Phineas Redux, by Anthony Trollope

Chapter 39

Cagliostro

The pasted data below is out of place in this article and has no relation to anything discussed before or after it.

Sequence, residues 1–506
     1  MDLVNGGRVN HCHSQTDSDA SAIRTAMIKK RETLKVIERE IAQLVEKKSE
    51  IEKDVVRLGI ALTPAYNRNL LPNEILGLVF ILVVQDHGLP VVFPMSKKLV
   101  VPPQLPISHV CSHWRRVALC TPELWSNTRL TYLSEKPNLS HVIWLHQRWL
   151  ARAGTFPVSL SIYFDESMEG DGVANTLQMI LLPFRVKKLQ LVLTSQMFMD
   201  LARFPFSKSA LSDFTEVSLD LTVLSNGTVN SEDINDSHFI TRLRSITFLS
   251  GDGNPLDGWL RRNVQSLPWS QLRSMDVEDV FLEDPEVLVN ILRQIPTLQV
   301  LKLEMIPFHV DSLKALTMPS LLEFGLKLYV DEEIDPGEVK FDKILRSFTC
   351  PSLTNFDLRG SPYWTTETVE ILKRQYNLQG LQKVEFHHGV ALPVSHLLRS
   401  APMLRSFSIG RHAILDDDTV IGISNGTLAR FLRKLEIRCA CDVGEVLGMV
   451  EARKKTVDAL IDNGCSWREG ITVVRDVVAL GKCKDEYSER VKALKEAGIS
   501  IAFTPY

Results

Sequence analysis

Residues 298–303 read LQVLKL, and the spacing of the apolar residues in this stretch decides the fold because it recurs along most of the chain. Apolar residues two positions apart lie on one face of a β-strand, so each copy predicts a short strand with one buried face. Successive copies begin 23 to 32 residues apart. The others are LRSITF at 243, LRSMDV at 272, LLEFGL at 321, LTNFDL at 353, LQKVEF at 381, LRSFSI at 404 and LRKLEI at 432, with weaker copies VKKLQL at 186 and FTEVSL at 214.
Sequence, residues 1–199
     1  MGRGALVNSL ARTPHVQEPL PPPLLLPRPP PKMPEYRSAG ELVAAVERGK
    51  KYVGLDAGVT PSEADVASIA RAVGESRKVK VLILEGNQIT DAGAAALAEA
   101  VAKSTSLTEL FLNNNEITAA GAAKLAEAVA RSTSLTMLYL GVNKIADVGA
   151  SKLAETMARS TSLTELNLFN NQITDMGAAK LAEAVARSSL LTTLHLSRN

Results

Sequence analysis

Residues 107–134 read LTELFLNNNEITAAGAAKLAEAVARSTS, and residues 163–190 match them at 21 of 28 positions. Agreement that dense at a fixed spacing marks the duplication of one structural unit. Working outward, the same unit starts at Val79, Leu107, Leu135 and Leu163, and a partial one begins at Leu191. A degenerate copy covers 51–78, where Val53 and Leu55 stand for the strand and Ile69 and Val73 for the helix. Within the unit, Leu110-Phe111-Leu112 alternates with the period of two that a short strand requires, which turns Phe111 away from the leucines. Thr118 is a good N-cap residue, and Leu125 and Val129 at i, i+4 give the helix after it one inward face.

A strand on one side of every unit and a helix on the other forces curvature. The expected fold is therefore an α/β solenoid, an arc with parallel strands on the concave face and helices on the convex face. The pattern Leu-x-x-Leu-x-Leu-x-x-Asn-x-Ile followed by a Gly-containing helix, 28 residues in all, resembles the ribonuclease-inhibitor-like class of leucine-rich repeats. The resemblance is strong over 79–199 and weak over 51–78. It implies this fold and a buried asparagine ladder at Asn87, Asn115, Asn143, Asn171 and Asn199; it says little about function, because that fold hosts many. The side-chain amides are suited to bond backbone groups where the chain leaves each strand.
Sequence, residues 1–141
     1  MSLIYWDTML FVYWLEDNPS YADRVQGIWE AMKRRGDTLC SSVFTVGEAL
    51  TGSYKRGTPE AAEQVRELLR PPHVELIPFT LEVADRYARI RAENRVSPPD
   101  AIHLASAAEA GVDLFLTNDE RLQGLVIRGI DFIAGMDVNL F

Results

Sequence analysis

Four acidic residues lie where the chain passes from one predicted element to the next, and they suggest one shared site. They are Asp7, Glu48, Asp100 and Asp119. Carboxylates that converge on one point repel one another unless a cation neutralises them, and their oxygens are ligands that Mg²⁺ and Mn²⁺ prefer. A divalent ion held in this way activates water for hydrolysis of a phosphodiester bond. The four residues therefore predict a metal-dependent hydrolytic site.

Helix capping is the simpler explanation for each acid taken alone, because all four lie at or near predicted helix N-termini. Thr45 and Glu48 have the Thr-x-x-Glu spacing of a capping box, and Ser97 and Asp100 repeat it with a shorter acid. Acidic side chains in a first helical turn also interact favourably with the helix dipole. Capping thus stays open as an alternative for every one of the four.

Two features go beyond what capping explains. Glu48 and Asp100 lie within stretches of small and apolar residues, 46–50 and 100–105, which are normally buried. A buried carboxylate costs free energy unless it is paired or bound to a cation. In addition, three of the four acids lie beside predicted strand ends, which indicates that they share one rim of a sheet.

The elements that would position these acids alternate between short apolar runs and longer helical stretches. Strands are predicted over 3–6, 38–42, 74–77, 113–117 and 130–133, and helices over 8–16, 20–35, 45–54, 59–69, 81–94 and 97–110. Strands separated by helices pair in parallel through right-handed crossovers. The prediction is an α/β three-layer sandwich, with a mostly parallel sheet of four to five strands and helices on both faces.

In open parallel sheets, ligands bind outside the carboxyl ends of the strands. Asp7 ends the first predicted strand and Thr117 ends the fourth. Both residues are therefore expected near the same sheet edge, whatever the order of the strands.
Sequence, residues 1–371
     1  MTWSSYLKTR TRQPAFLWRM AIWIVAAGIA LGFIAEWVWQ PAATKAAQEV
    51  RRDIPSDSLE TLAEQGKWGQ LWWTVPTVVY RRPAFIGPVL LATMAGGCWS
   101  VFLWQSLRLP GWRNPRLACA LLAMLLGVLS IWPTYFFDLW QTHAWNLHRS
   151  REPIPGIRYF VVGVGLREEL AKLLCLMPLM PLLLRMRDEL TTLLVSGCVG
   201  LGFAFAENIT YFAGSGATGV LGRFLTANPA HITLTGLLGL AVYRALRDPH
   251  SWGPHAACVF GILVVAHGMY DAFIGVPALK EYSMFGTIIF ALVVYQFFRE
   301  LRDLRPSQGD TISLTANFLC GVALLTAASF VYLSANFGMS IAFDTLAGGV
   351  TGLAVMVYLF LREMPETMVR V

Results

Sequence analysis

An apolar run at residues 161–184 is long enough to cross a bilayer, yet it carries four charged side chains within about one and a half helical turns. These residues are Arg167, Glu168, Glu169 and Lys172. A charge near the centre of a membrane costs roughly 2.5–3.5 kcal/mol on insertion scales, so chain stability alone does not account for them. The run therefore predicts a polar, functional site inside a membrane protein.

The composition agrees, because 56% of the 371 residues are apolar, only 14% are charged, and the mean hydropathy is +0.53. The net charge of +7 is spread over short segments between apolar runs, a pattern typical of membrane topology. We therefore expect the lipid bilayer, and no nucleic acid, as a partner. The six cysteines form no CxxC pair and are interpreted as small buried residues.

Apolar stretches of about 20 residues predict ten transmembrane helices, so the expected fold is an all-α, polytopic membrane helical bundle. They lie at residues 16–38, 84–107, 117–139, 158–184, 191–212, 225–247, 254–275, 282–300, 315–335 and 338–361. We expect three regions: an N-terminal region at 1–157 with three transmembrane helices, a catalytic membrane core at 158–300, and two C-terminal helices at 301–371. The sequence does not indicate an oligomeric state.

It had been settled that Parliament should meet on the Thursday in Easter week, and it was known to the world at large that Cabinet Councils were held on the Friday previous, on the Monday, and on the Tuesday; but nobody knew what took place at those meetings. Cabinet Councils are, of course, very secret. What kind of oath the members take not to divulge any tittle of the proceedings at these awful conferences, the general public does not know; but it is presumed that oaths are taken very solemn, and it is known that they are very binding. Nevertheless, it is not an uncommon thing to hear openly at the clubs an account of what has been settled; and, as we all know, not a council is held as to which the editor of the People’s Banner does not inform its readers next day exactly what took place. But as to these three Cabinet Councils there was an increased mystery abroad. Statements, indeed, were made, very definite and circumstantial, but then they were various — and directly opposed one to another. According to the People’s Banner, Mr Daubeny had resolved, with that enduring courage which was his peculiar characteristic, that he would not be overcome by faction, but would continue to exercise all the functions of Prime Minister until he had had an opportunity of learning whether his great measure had been opposed by the sense of the country, or only by the tactics of an angry and greedy party. Other journals declared that the Ministry as a whole had decided on resigning. But the clubs were in a state of agonising doubt. At the great stronghold of conservative policy in Pall Mall men were silent, embarrassed, and unhappy. The party was at heart divorced from its leaders — and a party without leaders is powerless. To these gentlemen there could be no triumph, whether Mr Daubeny went out or remained in office. They had been betrayed — but as a body were unable even to accuse the traitor. As regarded most of them they had accepted the treachery and bowed their heads beneath it, by means of their votes. And as to the few who had been staunch — they also were cowed by a feeling that they had been instrumental in destroying their own power by endeavouring to protect a doomed institution. Many a thriving county member in those days expressed a wish among his friends that he had never meddled with the affairs of public life, and hinted at the Chiltern Hundreds. On the other side, there was undoubtedly something of a rabid desire for immediate triumph, which almost deserved that epithet of greedy which was then commonly used by Conservatives in speaking of their opponents. With the Liberal leaders — such men as Mr Gresham and the two Dukes — the anxiety displayed was, no doubt, on behalf of the country. It is right, according to our constitution, that the Government should be entrusted to the hands of those whom the constituencies of the country have most trusted. And, on behalf of the country, it behoves the men in whom the country has placed its trust to do battle in season and out of season — to carry on war internecine — till the demands of the country are obeyed. A sound political instinct had induced Mr Gresham on this occasion to attack his opponent simply on the ground of his being the leader only of a minority in the House of Commons. But from among Mr Gresham’s friends there had arisen a noise which sounded very like a clamour for place, and this noise of course became aggravated in the ears of those who were to be displaced. Now, during Easter week, the clamour became very loud. Could it be possible that the archfiend of a Minister would dare to remain in office till the end of a hurried Session, and then again dissolve Parliament? Men talked of rows in London — even of revolution, and there were meetings in open places both by day and night. Petitions were to be prepared, and the country was to be made to express itself.